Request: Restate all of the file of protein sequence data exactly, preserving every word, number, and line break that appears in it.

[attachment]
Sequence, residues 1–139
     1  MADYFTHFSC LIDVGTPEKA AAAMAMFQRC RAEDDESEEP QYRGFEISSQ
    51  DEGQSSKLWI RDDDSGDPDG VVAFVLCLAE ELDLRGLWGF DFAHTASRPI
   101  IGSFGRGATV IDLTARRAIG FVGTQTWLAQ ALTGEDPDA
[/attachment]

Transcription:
Sequence, residues 1–139
     1  MADYFTHFSC LIDVGTPEKA AAAMAMFQRC RAEDDESEEP QYRGFEISSQ
    51  DEGQSSKLWI RDDDSGDPDG VVAFVLCLAE ELDLRGLWGF DFAHTASRPI
   101  IGSFGRGATV IDLTARRAIG FVGTQTWLAQ ALTGEDPDA